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101 chapter 5: entrepreneurIal ManageMent Rob van Dun Summary Entrepreneurial management is an important requirement to make innovation successful. Not only for start-ups, but also for the existing companies which want to incorporate innovation. Where a start-up may lack “the management” it needs, an existing firm needs to adopt entrepreneurship and policies and practices that enable it. Established firms need to focus on the opportunities, rather than the threats to profitability that they face. In order to do so, they have to: • View changing environments not as threat, but opportunity. • Find out about their competitors believes • Enable and support entrepreneurial employees • Shift their focus and resources towards opportunities • Perceive sustainability as an opportunity With regard to the structure of the company, existing firms face two major challenges: To separate the new from the old and its responsibility for innovation. 102 Pastoors · Scholz · Becker · van Dun: Towards Sustainable Innovation Start-ups face completely different challenges, they need to manage their innovativeness and create sustainable ideas, business plans and the company that is needed to bring an innovation to the market. The challenges pertaining to start-ups include: • Validation of the idea to provide value • Defining of the business model • Focus on the market, rather than technology or the initial idea • Human resource management to ensure they have enough personnel to facilitate fast growth • Financial funding to keep things going 5.1 The significance of entrepreneurial management Entrepreneurial management is one of the most important requirements to make innovation successful. Not only for the new venture, but also for the existing business that wants to incorporate systematic innovation. Where a new venture lacks “the management” it does need, an existing business needs to adopt entrepreneurship as well as policies and practices that enable it. In academic literature, there is a lot of debate about what entrepreneurship entails, raising the question what an entrepreneur than is. Although this is an interesting debate, we use Kuratko’s (2009, page) definition of the entrepreneur: “an innovator or developer who recognizes and seizes opportunities; converts these opportunities into workable/marketable ideas; adds value through time, effort, money or skills (…)” (Kuratko, 2009, p. 4). Arguably, this definition on the one hand excludes those individuals who set up their own firms as a means to be more flexible or self-employed, rather than doing anything new or innovative. On the other hand, however, this definition leaves room for what is often called intrapreneurship (i.e. entrepreneurship within an existing firm), which is gaining popularity (Duncan et al., 1988, p16-21). Moreover, this definition explains that 103 Chapter 5: Entrepreneurial Management innovation and entrepreneurship are closely related topics, since entrepreneurs apply innovation as a tool to do something different in order to be successful. Entrepreneurs that set up new businesses obviously need to do something innovative, whether that is providing new products or services, finding new ways how to market them or a new way of organisation that adds value. They have to stand out from the rest in order to be able to compete. They cannot be considered to be one of the many. For that, they need to innovate. Once they have done so, they need to learn how to manage their new businesses. Entrepreneurship requires the capacity and willingness to develop, organize and manage a business venture along with any of its risks in order to make a profit. Entrepreneurship is not exclusively required of the entrepreneur or start-up companies, but of any organisation that aims at innovation. In line with Drucker, entrepreneurship will be defined as the systematic search for opportunities and exploitation of innovations to create value and economic growth and the management of all the challenges that occur throughout this process (Drucker, 1985, p143). As a result, entrepreneurial management than “involves the specific management behaviours which entrepreneurs must engage in, in order to drive the market process and produce innovation” (Stokes, D. & Wilson, N. 2010, p34). As mentioned earlier, this applies for both new and existing companies, although they face completely different challenges. 5.2 Managing an existing firm The existing firm, and in particular a very successful one, typically struggles to become or sometimes remain innovative. The managers of companies such as Nokia and Motorola where not asleep at the switch when Apple produced the first smartphone, they simply 104 Pastoors · Scholz · Becker · van Dun: Towards Sustainable Innovation did not recognize that customers might actually desire such a phone, and believed that their tried-and-true technology was superior to that of Steve Jobs’ firm. Both firms had in common that they were the leading companies in respectively the European and American market. They already produced phones that had access to the internet (e.g. Nokia’s WAP), and seemed to know everything about their customers. But why did they fail? And, why specifically these two renowned and leading firms? Companies that are successful “know” the rules of an industry and understand what their customers require. They have internalized some cause-and-effect relationships, which always occurred in the past, which constitute their reality about their industry and business. They know which button to press in order to gain market share, they seem to know everything. Until their reality is shattered… Sometimes companies seem unable to adapt new policies and practices when the environment they operate in changes. Instead, they copy what made them successful in the past. That might work for a while. But in rapidly changing environments (such as the mobile phone industry), copy-pasting what made a firm successful in the past might not be effective on the long-run. What was successful in the past might no longer work. Unable to adapt to the changing environment and with management pressing the same buttons, they are quickly replaced by those companies that are more reactive, that are capable of understanding the new rules and how this influences their reality. That is why it is so hard to stay number 1. Ask any sports coach how hard it is to win back-to-back championships, tournaments or trophies. Only the best in their game are able to do this, at the expense of hard work and adapting to changes in the environment. As the reigning champion, you are the one to beat and everyone else is trying to achieve just that. 105 Chapter 5: Entrepreneurial Management Additionally, firms can develop managerial inertia: the phenomenon whereby managers fail to update and revise their understanding of a situation when that situation changes, a phenomenon that acts as a psychological barrier to organizational change. (Huff et al., 1992, p55-75) Such failure to revise their “law of nature” leaves even the most successful managers vulnerable to failure. Hence, change is key for any firm to prevent this phenomenon and closely scan their environment for changes that affect their business. Thus, the existing firm needs more entrepreneurship, managers and employees that are willing to accept change and seek out opportunities to cope with this. In order to remain or become entrepreneurial, existing companies have to confront their business-as-usual and to be willing to change. Fortunately, though, even those who are not natural entrepreneurs and risk-seeking adventure junkies can learn entrepreneurial management. For the typical manager or employee, however, this means facing a couple of tough challenges. To academics who want to study literature on entrepreneurial management, most notable are the original works of Peter Drucker (1985), who defines 4 major challenges, as well as Robert Hisrich, Michael Peters and Dean Shepherd (1998), who establish similar but slightly different barriers for success. The following challenges combine both Drucker’s and Hisrich’s work. 5.2.1 change, hit the ground running Most of us simply don’t like changes, both in our personal and professional lives. As a result, we try to avoid it as much as we can. And who may blame us? After all, it makes perfect sense not to be willing to even perceive and accept changes. Changes poses all sorts of threats as we feel unequipped to deal with new situations. For our ancestors, change meant having to deal with new environments, different predators and creepy crawlies that were either edible or poisonous. In similar fashion, when our (business) environment changes, we have to deal with new players and to learn new things. The 106 Pastoors · Scholz · Becker · van Dun: Towards Sustainable Innovation scariest of all is not being able to continue business-as-usual because the context has changed. This changing context, however, is exactly the reason why companies need to adopt change and create mechanisms to cope with it. Here follow some: 1. Be eager to innovate: This requires acceptance of change as a stable, not an exception to the rule. Provide incentives for managers and employees to look out for new opportunities and spend their time working on new ways to solve existing problems. Google, for example, gives its engineers time to spend time on passion projects that creates unforeseen ideas and technologies they might want to introduce later. 2. Stop focusing on products and business units that no longer sell: When products reach the peak (or maturity phase) of their respective product life cycle it is time to stop focusing on them. They are bringing loads of money already. Rather than making drastic changes to those products, focus on building operational excellence through close cooperation with your customers. Use this cooperation to obtain feedback as to make your own product obsolete. Spend your research and development (R&D) budget on new products or services. The same goes for complete business units or product lines for which demand is declining. Rather than spending all of your energy on solving the problems of existing products, you should focus on opportunities. 3. Share success stories: According to Drucker (1985), the unexpected success can be made transparent when it is discussed during management or team meetings. Instead of focusing on the problems that need to be solved in the short run, discuss the (unexpected) successes. Reward managers and employees that innovate. Make innovation and innovative output part of the management information or key performance indicators that are discussed during those meetings. The main goal of all this is to shift the focus from problem or threat towards embracing change. 107 Chapter 5: Entrepreneurial Management 4. Make someone responsible for innovation high-up. Appoint a Chief Innovation Officer that oversees all things innovative for many departments. He or she has to ensure that the division management gives the employees time and money to develop new ideas. 5. Get rid of your arrogance: Even if you believe that you know what’s best, don’t underestimate the power of trends. Small competitors that all of a sudden start doing something completely different might not desperate, but could have spotted developments that you simply haven’t seen yet. Study the reasons why they are acting differently. The same goes for new players that enter your industry or market. What do they do differently? Focus on the assumptions that underlie their products/services and find out which tidal wave they could be riding. Simply because you are bigger or better at the moment does not mean you will be in the future. Ask Nokia, Motorola and BlackBerry employees what happened to their companies (fun fact: BlackBerry is headquartered in Waterloo18, Canada) 6. Measure innovative performance: Set up key performance indicators (KPIs) with a strong focus on innovative output. How much of your sales are generated by newly introduced products? How much of your revenue is spent on R&D and how does that compare to your competitors or the industry average? Which new products/services exceed expectations? Using these KPIs will direct your focus towards innovative output, expose unexpected successes and failures, and creates a sense of urgency. 18 Waterloo, a city in present-day Belgium, is mostly known for Napoleon Bonaparte’s defeat on 18 June 1815 108 Pastoors · Scholz · Becker · van Dun: Towards Sustainable Innovation All of the measures above have one common goal: adopt and embrace change. By implementing some of these measures you force employees to think long-term. Installing policies and practices that provide incentives to innovate should propel your company forwards. Don’t be scared to make drastic decisions. Realigning your business with the changing environment is of paramount importance if you want to be successful not only now, but also in the future. Take Dutch technology giant Philips as an example. They analysed that in two of their at-the-time most important business units (Consumer Electronics and Lighting) they were not as competitive as before. This was largely due to the fact that these technologies were relatively old, attracting many low-cost and commoditizing competitors from South East Asia. As a result, they expected the financial performance of these divisions to decrease in the coming years. Although Philips had traditionally always made lighting products and consumer electronics products (mostly notably radios, TVs, CDs et cetera), they knew that they had to sell these divisions they were not so competitive in any more, and focus on their relatively new but more innovative and promising Healthcare and Consumer Lifestyle divisions. This massive change required Philips to redefine their purpose and markets. It completely changed everything they did. They would not have done this if it would not have been absolutely necessary. However, they understand perfectly well which division or products would no longer sell in the future. As the Philips example illustrates, when companies are willing to perceive and adopt change, they will hit the ground running. 5.2.2 from Threat to opportunity One of the most harmful threats to entrepreneurship is having a risk-averse corporate culture. Most managers focus on ad-hoc decision making, minimizing risks and putting out all sorts of fires. All 109 Chapter 5: Entrepreneurial Management of this screams short-term, often at the expense of recognizing and seizing long-term opportunities. 1. View changing environments not as threat, but as opportunity: Changes to the status quo of business are often solely perceived as a threat, but it only is that if you are unable to change. Key to your success is the ability to understand these changes in an early change and not get surprised by them. If you accept that changes are happening (both in the external and internal environment), you can pre-empt those changes by figuring out how they can work in your advantage. This, obviously, requires a good understanding of where major changes happen (see chapter 4 Systematic Innovation). Continuously ask yourself what major trends you are able to recognize and what this means for your business specifically. Find out where there is a silver lining to be found. Can you use new technologies to enter new markets? Can demographic changes help you find new target groups? 2. Find out about competitors’ believes: Competition surely poses a threat in terms of your firm’s profitability. You need to watch them closely and figure out what they are doing, but more importantly where they are going. If all of a sudden they change directions or develop new products, which you consider questionable, you have to ask yourself why they changed. They may have a very good reason for that. Perhaps, they have recognized trends and developments that you are not aware of. What’s an opportunity for them could be an opportunity for you as well. So, figure out what it is. 3. Enable and support entrepreneurial employees: Your own employees can be a tremendously valuable source for creative solutions and new ideas. Opportunities are not visible to all of us simultaneously as they are largely dependent on people’s backgrounds and experience. (Shane, 2000, p.) That means that every employee might see different opportunities. Don’t judge their ideas, yet. The fact that you don’t understand it, see the same opportunity, or acknowledge the relevance does not mean that they are wrong at all. Instead, encourage them to think outside of the box, combine their prior knowledge with new ideas. After all, 3M executives might not have understood in the beginning when one of their employees explained the Post-It to them. 110 Pastoors · Scholz · Becker · van Dun: Towards Sustainable Innovation 4. Shift focus and resources towards opportunities: As explained with the example of Philips earlier, redirect your focus and resources to areas where you are able to excel and are innovative. If you want to be successful in the future, you need to make sure that you make your own product obsolete. In other words, you need to develop a product that will be the successor of your current product. 5. See sustainability as an opportunity. So, sustainability is this megatrend, but what does this mean to us? It means that we will have to integrate sustainability in all our decisions. That’s not a bad thing, at all. In their article “Why Sustainability Is Now the Key Driver of Innovation” (2009, page) Nidumolu, Prahalad and Rangaswami explain that sustainability provides plenty of opportunities to increase profitability by closely focusing on the supply chain, staying ahead of strict environmental legislation, finding new target groups for green products and services, and discovering new business models to provide value to your customers. All of this with the underlying goal of “doing well by doing good”. The article defines different stages in which companies can introduce sustainable innovations for future success. In doing so, the authors argue that sustainability and increased legislation should not be seen as a threat, but rather as an opportunity for companies to improve their operations and profitability in the long-run. 5.2.3 Management structure Managing for opportunities is something completely different than managing for risk reduction. As such, it requires a different structure, as the rules of the game are wildly different. Although the intensions are good and companies are leaning towards embracing change and opportunities, they need to think of how to set up their company for innovation. Most companies are structured too bureaucratically to act fast, where so many managers have to decide whether a new idea is any good or not. Before the final go is then given (the “green light”), costly time has already vaporised if given at all. In start-up world, this green 111 Chapter 5: Entrepreneurial Management light mentality of waiting for an approval is not commonly seen. Instead, they start taking initiative until some tells them to stop, or, in other words, they receive a red-light signal. The key difference being that ideas are generated faster and no additional restrictions (e.g. return-on-invest metrics) are in place. This is only one key difference between start-up firms and more mature firms, but it plays an important role in the innovative output of those firms. This leads existing companies to not react to changes in the environment as quickly as they should and hanging on to business as usual too much. In doing so, they miss opportunities that are typically seized by newer, smaller companies that act faster and more agile. In essence, this negatively affects the innovation output of those firms simply as not everyone sees the same opportunities, resulting in many possible good ideas to be shut down before they can be proven to work. When Steve Jobs was still the CEO of Apple Inc., he understood the need for agility and the need to focus on only a few things at a time. This was an entrepreneurial characteristic that is very uncommon among more mature firms, especially the ones with the size of Apple. It allowed Apple to create disruptive innovations and create completely new industries, which traditionally were only done by startup companies. It’s exactly the agility of start-ups and the rapid decision-making that more mature companies lack. They manage, but are to slow to innovate. They seem to focus on too many (and not so important) things at the same time. Separate the new from the old As the rules for the “new” ideas are so different from doing business as usual, Peter Drucker (1985, page) suggests a strict separation from those areas with the organization. That means that the existing firms needs to set up teams or departments that have more freedom, are less bureaucratic and sometimes even isolated from the rest of the company. A good example of this is Apple’s organizational struc- 112 Pastoors · Scholz · Becker · van Dun: Towards Sustainable Innovation ture. In an effort to illustrate this, Horace Dediu of Asymco has separated the functional areas into sustain and disrupt (along Clayton Christensen’s theory of disruptive innovation). In essence, this enables half of Apple (i.e. the disruptive part of the organization) to act similar to a massive start-up company without many of the constraints the typical more mature firm has. An additional advantage of this is that new innovations should not be measured along the same metrics as older products or services; return-on-investment is, for instance, a poor instrument to assess whether an innovation should be marketed or not as the new innovation typically is undervalued at first. Figure 5.1: Apple’s organizational structure according to Horace Dediu Source: Dediu, 2013. 113 Chapter 5: Entrepreneurial Management Responsibility for innovation It is essential for an existing company to make someone high up in the company responsible for innovation. Within the existing business, this person should oversee where innovation is needed and setting up the organizational structure, set up the policies that enable opportunity seeking and willingness to change. This person (e.g. the Chief Innovation Officer) can compare company’s total innovative performance with company’s innovative objectives. Thus, he may develop a systematic review of innovative efforts to see what still needs improvement. It was Steve Jobs himself who was responsible for all innovation things at Apple. Being the CEO, this enabled him to steer the entire organization the direction he wanted. Everything important went through him and he believed his chief responsibility to be making new ideas work. According to insiders, over ninety per cent of all Apple employees had never met Jobs in person. Instead, Jobs often met with only 100 of the employees, the so-called Top-100 with whom he discussed strategy and used as a managerial tool as discussed in the following example. Entrepreneurial Management Steve Jobs style One of Apple‘s greatest strengths is its ability to focus on just a few things at a time, an entrepreneurial trait difficult to imagine at a corporation with a market value of $320 billion. Saying no at Apple is as important as saying yes. “Over and over Steve talks about the power of picking the things you don’t do,” says one recently departed executive. Obvious? Perhaps. Yet few companies Apple‘s size – and very few of any size – are able to focus so well and for so long. Jobs himself is the glue that holds this unique approach together. Yet his methods have produced an organization that mirrors his thoughts when – and this is important – Jobs isn’t specifically involved. Says one former insider: “You can ask anyone in the company what Steve wants and you’ll get an answer, even if 90% of them have never met Steve.” 114 Pastoors · Scholz · Becker · van Dun: Towards Sustainable Innovation No decision-maker at Apple is far removed from Steve Jobs. Through his tight-knit and largely long-serving executive team, Jobs quickly sees everything that goes on at the company. He also routinely reaches outside these inner and outer circles to collaborate on critical projects with key employees. This organization chart, which includes most but not all Apple executive officers, is based on Fortune’s reporting, in addition to some limited information Apple releases publicly. There is a small group at Apple that most certainly has met Steve Jobs. It’s called the Top 100, and every year or so Jobs gathers these select few for an intense three-day strategy session at a proverbially secure, undisclosed location. Everything about this Top 100 meeting is shrouded in secrecy, starting with its very existence. Those tapped to attend are encouraged not to put the meeting on their calendars. Discussing their participation is a no-no, even internally. Attendees aren’t allowed to drive themselves to the gathering. Instead they ride buses that depart from Apple‘s Cupertino, Calif., headquarters to places like the sumptuous Chaminade Resort & Spa in Santa Cruz, Calif., which satisfies two Jobs requirements: good food and no golf course. Apple goes so far as to have the meeting rooms swept for electronic bugs to stymie snooping competitors. The Top 100 meeting is an important managerial tool for Jobs. He and his chief lieutenants use it to inform a supremely influential group about where Apple is headed. The elaborately staged event also gives Jobs an opportunity to share his grand vision with Apple‘s next generation of leaders. The Top 100 meeting is part strategic offsite, part legacy-building exercise. Jobs generally kicks things off personally. Each session is as wellcrafted as the public product debuts for which the CEO is so famous. For presenters, the career stakes are high, and the pressure is nerveracking. “The Top 100 was a horrifying experience for 10 or so people,” recalls one former vice president, who took the stage some years ago. “For the other 90 it’s the best few days of their life.” Jobs sometimes uses the occasion to unveil important initiatives. “I was at a Top 100 when Steve showed us the iPod,” says Mike Janes, who 115 Chapter 5: Entrepreneurial Management worked at Apple from 1998 to 2003 and remains close to Apple executives. “Apart from a tiny group, no one knew anything about it.” To be selected for the Top 100 is to be anointed by Jobs, an honour not necessarily based on rank. Jobs referred to the group, but not the conclave, in an interview several years ago with Fortune. “My job is to work with sort of the Top 100 people,” he said. “That doesn’t mean they’re all vice presidents. Some of them are just key individual contributors. So, when a good idea comes … part of my job is to move it around [and] … get ideas moving among that group of 100 people.” Privately Jobs has spoken even more strongly about the Top 100’s importance. “If he had to recreate the company, these are the 100 people he’d bring along” is how one former Apple executive describes Jobs’ characterization. Source: Fortune, 2011. The Apple example illustrates that the successful mature and existing firm needs to make someone responsible and accountable for the innovative performance. Essentially, they have to act more like an entrepreneurial start-up then they are used to. In order for them to learn entrepreneurial management, they have to become entrepreneurial. That requires a completely different set-up of functions, a different corporate culture and someone with enough leadership qualities to guide it in the right direction. The bottom-line is that the company is open to opportunities and willing to adapt quickly to changes in the environment. 5.3 Managing start-ups The management of start-ups has received lots of attention among academics, but also battle-hardened entrepreneurs who have shared their experiences and wisdom with fellow entrepreneurs looking to successfully start-up their own company. Some of the most important findings and challenges specifically for those who are aspiring 116 Pastoors · Scholz · Becker · van Dun: Towards Sustainable Innovation to start-up their own company and manage it for success, are discussed within this section. New and inherently entrepreneurial start-ups have a completely different challenge than those experienced by existing firms. Rather than learning entrepreneurship, they need to learn management. They are very innovative, but need to think ahead too. New ventures need to focus on four major management tasks: 1. The idea 2. Focus on the market 3. Human resources 4. Funding 5.3.1 The idea Quite possibly, the “idea” itself is not the most important aspect for entrepreneurial start-ups. Obviously, the initial idea needs to be good as to be able to start working on it, but it is far from absolute. Very often, the initial idea is only a mere direction, and needs to be tested and changed along the way. The initial ideas behind even some of the most successful start-ups were very different than what made them successful. YouTube, for example, was meant to be a dating website, but the founders found out that sharing videos was actually what their target group found far more interesting. Twitter, now famous for having 140 characters in which their users can write short messages, started out as a SMS service for friends (i.e. when a user sends one SMS to a single friend, the service itself would distribute the same message to a number of different other friends). In short, entrepreneurs might have an idea, but that needs to be finetuned, beta-tested, or changed according to the needs of the intended customers or users. Essential for creativity, and in similar fashion for idea generation, is prior knowledge. In fact, creativity is only possible with knowledge. Looking at the world of start-ups (and specifically in high- 117 Chapter 5: Entrepreneurial Management tech), many founders of new businesses are employees and/or industry experts that have been able to link their prior knowledge about technologies/products to new opportunities. Shane (2000, page) describes how prior knowledge allows experts or the ones holding the knowledge to spot different opportunities in the discovery process. He describes how 8 former MIT scientists that were involved in the invention of three-dimensional printing became entrepreneurs, as they were able to relate this cutting-edge technology with their understanding of how the markets work, how to serve them, and in which ways the technology can be used. These 8 entrepreneurs saw very different opportunities, merely based on their own prior knowledge. The Post-It (the brand name for 3M’s sticky note) was conceived in similar fashion. The Post-It Story Dr. Spencer Silver, a 3M scientist, was busily researching superstrong adhesives in the laboratory. In the process, he discovered something peculiar: an adhesive that stuck lightly to surfaces but didn’t bond tightly to them. Not entirely what he was looking for initially, but still something that could be valuable, he thought. “It was part of my job as a researcher to develop new adhesives, and at that time we wanted to develop bigger, stronger, tougher adhesives,” said Silver. “This was none of those.” What Silver discovered was something called microspheres, which retain their stickiness, but with a “removability characteristic,” allowing attached surfaces to peel apart easily. For years, Silver struggled to find a use for his invention. But that didn’t keep him from touting the merits of his creation to colleagues. “I came to be known as Mr. Persistent because I wouldn’t give up.” Meanwhile, Art Fry, another 3M scientist, was frustrated. Every Wednesday night while practicing with his church choir, he would use little scraps of paper to mark the hymns they were going to sing in the upcoming service. By Sunday, he’d find that they’d all fallen out of the hymnal. He needed a bookmark that would stick to the paper without damaging the 118 Pastoors · Scholz · Becker · van Dun: Towards Sustainable Innovation pages. Thinking back to a seminar he’d attended on Silver’s microspheres, he had what he now refers to as his eureka moment. “The one where you get the adrenaline rush.” Partnering with Silver, they began developing a product. Once they found themselves writing messages on their new notes to communicate around the office, they realized the full potential of the idea. “I thought, what we have here isn’t just a bookmark,” said Fry. “It’s a whole new way to communicate.” Fry decided to make 3M corporate headquarters his proving ground and supplied the entire company with the new adhesive notes. Employees immediately loved them. 3M decided to start marketing these sticky notes and the rest is history, making the Post-It one of 3Ms most successful brands. Source: contact-us/about-us/ These examples illustrate that the discovery of opportunities is very often based on applying existing knowledge to new situations. This knowledge enables individuals to see opportunities that others don’t see. That’s why so many entrepreneurs leave their jobs and start their own businesses, in the same industry, using similar technologies but for different audiences, brought to the market in different ways or having different usability. An increasingly popular means to visualize all the assumptions behind the idea, is a business model canvas, which is a strategic management and entrepreneurial tool (Osterwalder, 2004). It allows the innovator or start-up to describe, design, challenge and invent their business model. It is not wordy, not too specific and not set in stone. Instead, many start-ups might use only one A3 sized paper sheet and put sticky notes in the designated areas (sticky notes, as they need to be changed constantly). Find an example of such a canvas below. It might sound repetitive by now, but it needs to be stressed again. The idea should be rather flexible, that’s why sticky notes are used. The successful entrepreneur and innovator seeks feedback from the 119 Chapter 5: Entrepreneurial Management market, staples himself to the customer and adopt a market focus. The business plan, or in this case business model canvas, is a result of this. Figure 5.2: The Business Model Canvas. Source: Gambier, 2015. 5.3.2 focus on the market If the idea is not set in stone, entrepreneurs need to realize that they need to bring their ideas to the market, at some point. That means, having to deal with critique, feedback and perhaps realizing the intended target group simply does not accept this new idea. It might even be too novel, too sophisticated; the potential customers simply don’t understand the innovation, or don’t see uses for it. If the idea itself is too genius, it might be hard to sell it. Too often do engineers, programmers and high-tech innovators focus on creating a very sophisticated product or service. But customers care whether they see a use for a product. They generally don’t care about sophistication 120 Pastoors · Scholz · Becker · van Dun: Towards Sustainable Innovation (perhaps some hard-core nerds and likeminded tech-savvy individuals being an exception to the rule). These innovations struggle to make it to the mass market, and only some early adopters might buy these products. In marketing and innovation, this notion is being referred to as the inability to cross the chasm (Moore, 1991, page) as explained below. Crossing the chasm means to market and sell products not only to some early adopters, but to mainstream customers. This often is a real struggle for start-ups firms. Figure 5.3: Crossing the Chasm Source: Moore, 1991. Tech enthusiasts and visionaries might be willing to try something new and sophisticated, but the mainstream market typically doesn’t. The Linux operating system was found to be far better and more stable than the former, but the latter customer groups simply found it too hard, with the interface being everything but user-friendly. Instead, they preferred Microsoft Windows, which might not have been as sophisticated or stable, but much easier to use for those mil- 121 Chapter 5: Entrepreneurial Management lions of people using it. Another example is that of the Segway Personal Transporter. Although almost everyone in the Silicon Valley believed this product to be the next big thing, it failed to meet their expectations miserably. The balancing of this battery-powered electric vehicle was so genius that all the tech enthusiasts and experts expected sales to skyrocket quickly. Steve Jobs once said that it would be “as big as the PC”, and world-famous venture capitalist John Doerr deemed the Segway to be more important than the internet (source). But, unaware of this, consumers did not want to buy one, as they didn’t see it being useful. Instead, you might see some tourists operating there on guided city-tours, but they are not common-sight as was expected. Genius engineering, but not carefully adopted to the market. Segway, in turn, have started turning things around when they introduced its Hoverboards, which are a success among teenagers and young adults. Entrepreneurs that do not want to make the same mistake really have to adopt a market-focus. They need to staple themselves to their potential customers and get as much feedback as they can, checking whether the assumptions behind the idea hold true. Innovation is perceptional, meaning that the innovators have to get out of their offices and take it to the street and get as much feedback as they can. In the end, “businesses are not paid to reform customers, they are paid to satisfy them”. (Drucker, 1985). Remember, the initial idea is not cast-in-stone yet, it needs to be tested and checked. Your customers are a valuable information source, collect as much feedback as possible and change the idea where needed. So, focus on the market and develop the idea according to what is needed there, what customers value, rather than what you believe to be valuable or quality. 122 Pastoors · Scholz · Becker · van Dun: Towards Sustainable Innovation 5.3.3 human resources Attracting quality personnel, in time, is perhaps one of the biggest challenges for any business, including start-ups. Typically, costs need to be kept to a minimum as there always will be a lack of funds in the beginning. Yet, the entrepreneur simply cannot do everything by himself, nor should he or she want this. At some point, additional personnel needs to be recruited. But not all individuals are willing to work for a start-up as it is almost by definition hectic, a lot of hard work and requires a level of flexibility not often wanted. Quality personnel might be hard to find, but the entrepreneur needs to go out of his or her way look for them, and get them enthusiast. There is simply too much to do, the founder needs to spend the time wisely, focusing on core activities and not getting lost in the details. Some start-ups that are successful will grow very fast, sometimes by 400% in only a couple of months or a year. That means the founder need to think of whom to recruit and select, based on what qualities or skills? There is no textbook cookie-cutterstandard approach to this, so the entrepreneur needs to base much of it on intuition, but should also look for individuals that have experience with start-ups and have a proven track record. Those may be rewarded in salaries, or even equity in the firm. The bottom-line is, starting to hire others might be daunting at first, and probably the entrepreneur should have started doing this before it is even realized. The message here being: just do it! But do not go berserk with the funds available. 5.3.4 financing Financing is probably required in an earlier stage, i.e. if the founder(s) are not able or willing to finance all previous “steps” themselves. As a result, financing typically is among the top priorities of the founder/ innovator, as they need funds to keep things going. Sometimes a little, sometimes a lot, but the ground rule is that the more successful the start-up the more money is needed to keep hiring and expand- 123 Chapter 5: Entrepreneurial Management ing operations, which is almost a paradox. The financing of start-ups is typically done in various rounds or stages. At the very beginning of the start-up, the Family, Friends and Fools (or Founder) (FFF) typically provide the necessary funds to start things up. They are among the first to believe in the new ideas of the people they love. If you are opting for any of these three F’s, please treat them as any other investors, meaning drawing up an official agreement and ask for a specific amount that should enable reaching specific milestones. Gullible grandparents, loving aunts should be omitted, unless they know the risks up frond, can afford losing the money and are business-wise enough to understand what’s going on. Angel investors (i.e. successful businessmen and entrepreneurs who are keen on helping others out in the earliest stages) might be able to lend a helping hand too. These are all forms of seed capital, meaning that those external investors will get an equity stake in the firm in exchange for their investments. Nowadays, additional funding might come from incubators and crowd funding. Be aware of any (local) governmental grants and competitions/challenges for start-ups or innovation too! During later stages, the first rounds of venture capital financing will commence, where additional external financing will be obtained. Often, this is referred to as a Series A round, which is the name for a start-up’s first significant investment round where venture capitalists can obtain preferred stock, typical after FFFs and angel investors have obtained common stock. When successful for a while, the start-up company (that is now a small- to medium-sized enterprise) can opt for an initial public offering (IPO) or an exit (e.g. selling the company for a profit to investors and or larger organizations). N.B. Giving out equity in return for investments is a risky feat. As external investors acquire more and more equity in the founder’s company, so will they increase their importance and influence. Be careful about the selling of equity to those who might not have the same 124 Pastoors · Scholz · Becker · van Dun: Towards Sustainable Innovation objective. Even FFFs, let alone venture capitalists, might force the entrepreneur/founder to do things he or she might not have done otherwise. Training questions: 1. Explain, in your own words, why both the existing firm and start-ups need to learn entrepreneurial management to become successful innovators. 2. Why is it important for existing firms to view changes in the environment as an opportunity? 3. Why is the Business Model Canvas an important and popular tool for entrepreneurs? 4. Explain why innovators need to focus on the market, rather than on the products they want to innovate. Recommended literature Christensen, Clayton (2011). The Innovator’s Dilemma: The Revolutionary Book That Will Change the Way You Do Business, �New York. Duncan, W.J./Ginter, P.M./Rucks, A.C.;/Jacobs, T.D. (1988): Intrapreneurship and the reinvention of the corporation, in: Business Horizons, 31(3), p. 16-21. Gassmann, Oliver/Frankenberger, Karolin/Csik, Michaela (2015): The Business Model Navigator: 55 Models that will revolutionise your business, St. Gallen. Hisrich, Robert/Peters, Michael/Shepherd, Dean (1998): Entrepreneurship, Boston. 125 Chapter 5: Entrepreneurial Management Huff, J.O./Huff, A.S./Thomas, H. (1992): Strategic Renewal and the Interaction of Cumulative Stress and Inertia, in: Strategic Management Journal. 13, p. 55–75. Nidumolu, R./Prahalad, C.K./Rangaswami, M.R. (2009): Why sustainability is now a key driver of innovation, in: Harvard Business Review, 87(9): 57-64. Osterwalder, Alexander/Pigneur, Yves/Smith, Alan (2010): Business Model Generation, Hoboken (NJ). Ries, Eric (2011): The Lean Startup: How Today’s Entrepreneurs Use Continuous Innovation to Create Radically Successful Businesses, New York. Internet resources Dedio, Horace (2013): Apple’s organizational structure, online: Fortune (2011): Entrepreneurial Management: Steve Jobs style, online: Gambier Gigaflops (2015): The Business Model Canvas, online: Philips (2016): Royal Dutch Philips’ strategic goals, online: http:// page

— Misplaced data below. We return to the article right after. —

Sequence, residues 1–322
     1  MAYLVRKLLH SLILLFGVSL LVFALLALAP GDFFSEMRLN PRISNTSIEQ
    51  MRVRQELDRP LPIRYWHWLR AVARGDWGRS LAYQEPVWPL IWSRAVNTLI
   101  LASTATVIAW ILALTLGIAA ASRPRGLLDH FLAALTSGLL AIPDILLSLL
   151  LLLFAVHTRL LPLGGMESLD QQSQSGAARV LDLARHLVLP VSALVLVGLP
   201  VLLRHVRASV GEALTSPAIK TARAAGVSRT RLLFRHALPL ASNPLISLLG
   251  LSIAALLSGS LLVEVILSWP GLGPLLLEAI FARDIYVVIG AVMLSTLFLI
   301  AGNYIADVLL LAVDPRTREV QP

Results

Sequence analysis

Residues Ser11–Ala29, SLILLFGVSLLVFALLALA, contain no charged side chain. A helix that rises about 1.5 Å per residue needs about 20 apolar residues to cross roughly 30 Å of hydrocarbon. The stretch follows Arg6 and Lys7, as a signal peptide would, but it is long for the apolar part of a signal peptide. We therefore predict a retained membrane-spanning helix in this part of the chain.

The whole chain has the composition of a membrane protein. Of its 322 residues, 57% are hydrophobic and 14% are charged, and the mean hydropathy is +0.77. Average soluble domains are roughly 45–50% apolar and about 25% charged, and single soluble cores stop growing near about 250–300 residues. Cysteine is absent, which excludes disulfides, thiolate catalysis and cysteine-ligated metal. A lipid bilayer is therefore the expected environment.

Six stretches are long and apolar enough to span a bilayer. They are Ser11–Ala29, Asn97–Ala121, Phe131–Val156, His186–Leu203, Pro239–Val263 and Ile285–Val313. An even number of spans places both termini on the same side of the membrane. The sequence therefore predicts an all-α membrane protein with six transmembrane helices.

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With sustainability having gained a lot of momentum over the last years and companies implementing strategies to create corporate sustainability, there are lots of opportunities for innovation. Thus, the two concepts of sustainability and innovation should not be considered separately – they are closely interlinked with one another. The main goal of sustainable innovation is to develop new products and technologies that have a positive impact on the company’s triple-bottom-line. To meet this aim, they have to be ecologically and economically beneficial as well as socially balanced.

In order to help companies to improve their sustainable innovation process practically, this book is structured into five possible phases of a sustainable innovation process:

Awareness of a sustainability problem

Identification & Definition of the problem

Ideation & Evaluation of the solutions

Testing & Enrichment of the solutions

Implementation of the solutions & Green Marketing